Military Divorce

Dividing Assets Can Be A Complicated Process

Divorce is complicated enough on its own, and only becomes more so when assets need to be divided. Military benefits follow a strict set of rules about what benefits a spouse can or cannot receive following the divorce, which needs to be factored in when putting together the final divorce agreement. No matter what point you’re at in the divorce process, hiring the right attorney to help you manage your case is important to help you secure the most beneficial outcome possible.

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The division of assets can be a complicated and stressful affair even in the simplest of situations without the right legal representation. Our Columbus divorce lawyers at Grossman Law Offices have handled thousands of these cases since we first opened our doors, and with more than 130 years of collective experience on your side you can rest assured that your case is in good hands. Contact us today to begin planning for your future.

How Could Your Benefits Be Affected?

Uniformed Services Former Spouse Protection Act

States are permitted to treat retirement pay as disposable income when it’s needed to cover alimony or child support payments under this Act. Depending on the situation, ex-spouses of servicemembers can be granted access to military exchanges and commissaries, and health care though military treatment centers.

20/20/15 Former Spouse Benefits

Ex-spouses of servicemembers may still be able to receive certain benefits following the divorce, depending on the amount of time you and your spouse were married, as well as how long the servicemember served in the military. The requirements for this rule include:

  • The servicemember and civilian must have been married for at least 20 years.
  • The servicemember must have served for at least 20 years of creditable service, which does not include National Guard service, except in certain situations (PDF), or time spent absent without leave (AWOL).
  • The servicemember and civilian must have been married for 15 years or more while the servicemember was serving.

Ex-spouses of servicemembers can still retain their TRICARE medical coverage the year after the divorce proceedings are complete if they meet all criteria listed in this rule. However, they will not retain any other benefits.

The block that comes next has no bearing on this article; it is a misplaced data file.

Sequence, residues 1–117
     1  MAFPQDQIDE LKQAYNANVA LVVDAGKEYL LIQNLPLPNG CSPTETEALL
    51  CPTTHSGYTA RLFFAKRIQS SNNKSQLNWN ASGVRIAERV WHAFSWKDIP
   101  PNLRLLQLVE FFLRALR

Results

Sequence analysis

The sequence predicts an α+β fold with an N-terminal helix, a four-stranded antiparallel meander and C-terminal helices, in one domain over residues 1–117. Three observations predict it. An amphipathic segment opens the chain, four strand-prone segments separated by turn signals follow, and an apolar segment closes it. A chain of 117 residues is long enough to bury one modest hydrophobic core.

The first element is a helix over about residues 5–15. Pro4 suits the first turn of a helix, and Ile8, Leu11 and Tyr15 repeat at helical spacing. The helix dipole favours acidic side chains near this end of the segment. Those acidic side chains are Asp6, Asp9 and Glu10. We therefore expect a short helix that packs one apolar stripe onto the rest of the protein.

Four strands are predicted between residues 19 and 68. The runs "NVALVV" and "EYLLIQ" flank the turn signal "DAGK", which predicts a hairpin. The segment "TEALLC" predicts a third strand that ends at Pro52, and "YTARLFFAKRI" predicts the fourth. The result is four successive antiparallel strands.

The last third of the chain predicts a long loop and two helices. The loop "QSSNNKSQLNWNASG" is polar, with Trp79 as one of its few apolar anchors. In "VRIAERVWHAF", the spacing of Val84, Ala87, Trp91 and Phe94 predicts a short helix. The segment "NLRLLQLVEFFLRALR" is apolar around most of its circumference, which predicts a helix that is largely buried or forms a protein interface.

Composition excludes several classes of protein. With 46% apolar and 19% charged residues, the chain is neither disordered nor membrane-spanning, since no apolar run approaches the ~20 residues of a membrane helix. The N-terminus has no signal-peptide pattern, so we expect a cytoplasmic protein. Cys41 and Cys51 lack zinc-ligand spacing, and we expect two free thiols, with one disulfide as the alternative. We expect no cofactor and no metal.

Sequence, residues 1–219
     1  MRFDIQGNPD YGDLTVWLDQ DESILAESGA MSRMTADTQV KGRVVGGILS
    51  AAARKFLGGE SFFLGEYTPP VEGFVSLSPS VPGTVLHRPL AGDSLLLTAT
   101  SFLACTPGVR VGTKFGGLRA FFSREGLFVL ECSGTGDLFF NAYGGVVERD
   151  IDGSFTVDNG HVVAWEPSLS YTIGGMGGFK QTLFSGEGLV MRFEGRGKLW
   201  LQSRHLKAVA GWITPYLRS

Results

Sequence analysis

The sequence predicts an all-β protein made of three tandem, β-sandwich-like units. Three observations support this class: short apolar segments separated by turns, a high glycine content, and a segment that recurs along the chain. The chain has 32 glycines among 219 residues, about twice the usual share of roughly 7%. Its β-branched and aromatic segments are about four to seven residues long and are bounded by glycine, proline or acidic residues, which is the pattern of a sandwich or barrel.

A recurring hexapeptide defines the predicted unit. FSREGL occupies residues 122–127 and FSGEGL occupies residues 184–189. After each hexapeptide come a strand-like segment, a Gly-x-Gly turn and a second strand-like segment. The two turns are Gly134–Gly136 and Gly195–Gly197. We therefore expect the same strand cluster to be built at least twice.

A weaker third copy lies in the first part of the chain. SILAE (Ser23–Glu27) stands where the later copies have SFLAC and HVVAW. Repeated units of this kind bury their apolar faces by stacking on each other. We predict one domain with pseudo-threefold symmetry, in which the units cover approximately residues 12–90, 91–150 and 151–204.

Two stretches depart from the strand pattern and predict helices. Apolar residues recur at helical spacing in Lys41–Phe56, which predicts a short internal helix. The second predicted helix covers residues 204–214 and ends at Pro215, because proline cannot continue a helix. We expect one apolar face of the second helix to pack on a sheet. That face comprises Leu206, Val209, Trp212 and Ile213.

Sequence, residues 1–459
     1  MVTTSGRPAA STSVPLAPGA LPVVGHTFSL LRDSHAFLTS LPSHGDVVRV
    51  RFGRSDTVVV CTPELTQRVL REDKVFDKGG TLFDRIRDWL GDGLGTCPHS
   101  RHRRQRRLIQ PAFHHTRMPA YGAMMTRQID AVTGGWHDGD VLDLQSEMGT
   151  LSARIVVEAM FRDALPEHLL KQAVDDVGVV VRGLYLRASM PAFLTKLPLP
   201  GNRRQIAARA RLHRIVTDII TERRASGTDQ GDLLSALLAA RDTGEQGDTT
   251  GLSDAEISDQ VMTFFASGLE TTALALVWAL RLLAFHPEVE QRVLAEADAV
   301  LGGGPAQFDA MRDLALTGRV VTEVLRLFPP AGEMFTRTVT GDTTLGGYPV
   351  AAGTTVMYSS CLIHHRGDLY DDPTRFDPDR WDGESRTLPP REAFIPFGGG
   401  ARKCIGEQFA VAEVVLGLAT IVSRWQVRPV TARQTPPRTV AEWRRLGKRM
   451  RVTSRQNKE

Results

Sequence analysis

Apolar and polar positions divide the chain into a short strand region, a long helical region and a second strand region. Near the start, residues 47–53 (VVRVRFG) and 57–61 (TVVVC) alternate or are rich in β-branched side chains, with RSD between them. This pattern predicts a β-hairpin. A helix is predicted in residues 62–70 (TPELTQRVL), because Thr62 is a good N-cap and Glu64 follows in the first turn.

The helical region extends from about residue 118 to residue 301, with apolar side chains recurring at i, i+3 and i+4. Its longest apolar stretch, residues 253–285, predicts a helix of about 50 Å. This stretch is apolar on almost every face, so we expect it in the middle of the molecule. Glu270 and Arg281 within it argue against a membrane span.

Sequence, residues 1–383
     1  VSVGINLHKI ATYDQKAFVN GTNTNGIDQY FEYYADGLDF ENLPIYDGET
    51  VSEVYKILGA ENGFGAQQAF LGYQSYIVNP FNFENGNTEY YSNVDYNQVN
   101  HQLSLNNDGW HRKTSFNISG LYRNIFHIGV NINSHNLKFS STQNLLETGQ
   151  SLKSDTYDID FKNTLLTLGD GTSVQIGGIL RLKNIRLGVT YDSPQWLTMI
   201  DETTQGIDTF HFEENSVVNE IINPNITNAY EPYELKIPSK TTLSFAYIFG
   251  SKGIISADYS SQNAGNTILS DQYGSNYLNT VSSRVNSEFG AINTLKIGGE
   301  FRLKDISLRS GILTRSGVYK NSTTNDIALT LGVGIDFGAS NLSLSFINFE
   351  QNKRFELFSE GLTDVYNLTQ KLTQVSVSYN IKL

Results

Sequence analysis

20/20/20 Former Spouse Benefits

The 20/20/20 rule can allow ex-spouses of servicemembers to qualify for full military benefits and privileges following the completion of the divorce agreement. The requirements are:

  • The servicemember and civilian must have been married for at least 20 years.
  • The servicemember must have served for at least 20 years of creditable service, which does not include National Guard service, except in certain situations (PDF), or time spent absent without leave (AWOL).
  • The servicemember and civilian must have been married for at least 20 years while the servicemember was serving.

Give us a call at (614) 344-4311 to speak with one of our lawyers today.

Work With Legal Representation You Can Rely On

At Grossman Law Offices, our Columbus divorce attorneys have spent decades working with families and individuals to help them secure the legal outcome they need to move on to the next phase of their lives. If you are looking to work with experienced and passionate legal representation, call us at (614) 344-4311 to speak with a member of our firm over the phone today, or send us your information through our online form to let us know about your situation.